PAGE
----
Responsiveness of the continuous outcome measures was assessed using the standardised response mean (SRM, calculated as mean change/SD change) and effect size (calculated as mean change/SD baseline). SRM and effect size can be seen as signal‐to‐noise ratios. Within trials, higher values of SRM or effect size point to better sensitivity to change or responsiveness of a particular measure. It is not clear whether SRM or effect size is the better responsiveness statistic, although we prefer the SRM because it shows change in its nominator as well as its denominator. The discriminative capacity of the continuous outcome measures was tested using t values of the difference in change between the active drug and placebo. Larger t values point to better discrimination and lead to smaller p values for the difference between active drug and placebo. Next, all measures were ranked according to the t values, as the aim of the trials was the discrimination of the active drug from placebo.19 The t value of the GST can be used as a reference, as a GST is supposed to represent maximal power when combining existing measures.18 The discriminative capacity of the different response criteria and low‐disease activity criteria was tested using the Mantel–Haenszel χ2, allowing the comparison of dichotomous and trichotomous measures with each other. For these analyses, no attempt was made to pool the data of both trials, mainly because of the differences in drugs and timing of the follow up. SRMs, t values and χ2 values are therefore best interpreted within a trial, not across both trials. However, the relative ranking of measures was compared across the trials.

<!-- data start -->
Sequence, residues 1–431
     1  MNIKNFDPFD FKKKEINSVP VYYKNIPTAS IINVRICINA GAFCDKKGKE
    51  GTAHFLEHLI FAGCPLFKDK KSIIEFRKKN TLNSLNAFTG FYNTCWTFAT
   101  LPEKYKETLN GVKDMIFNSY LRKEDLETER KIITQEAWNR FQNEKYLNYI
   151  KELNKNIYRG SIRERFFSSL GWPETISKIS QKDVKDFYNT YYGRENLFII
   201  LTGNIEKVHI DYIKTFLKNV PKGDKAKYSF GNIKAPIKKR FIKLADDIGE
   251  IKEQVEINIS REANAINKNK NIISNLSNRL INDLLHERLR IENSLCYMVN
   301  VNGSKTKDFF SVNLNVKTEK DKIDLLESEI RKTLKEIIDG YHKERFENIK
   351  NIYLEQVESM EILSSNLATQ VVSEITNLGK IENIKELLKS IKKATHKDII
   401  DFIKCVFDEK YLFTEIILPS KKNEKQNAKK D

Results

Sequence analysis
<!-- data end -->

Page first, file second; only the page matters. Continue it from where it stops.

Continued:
Results

As indicated by the mean changes ((tablestables 2 and 33),), all measures improved in the active drug group in both trials. In the IMPACT trial, for example, the DAS28 showed a mean improvement of 2.6 points, the TJC68 a mean improvement of 13 joints and the HAQ a mean improvement of 0.56 points. In the etanercept trial, the DAS28 reduced by a mean of 1.7 points, the TJC68 improved by a mean of 12 joints and the HAQ improved by an average of 0.73 points. In both active drug groups the responsiveness statistics were >1.0 for most measures.

Table thumbnail
Table 2 Responsiveness of individual items and indices ranked by t value in the Infliximab Multinational Psoriatic Arthritis Controlled Trial
Table thumbnail
Table 3 Responsiveness of individual items and indices, ranked by t value in the etanercept trial

Placebo responses in terms of improvement, which are indicated by negative SRMs in intablestables 2 and 33,, were largest in ESR, CRP, SJC and the DAS28 in the IMPACT trial, and in PhGA and the SJC in the etanercept trial.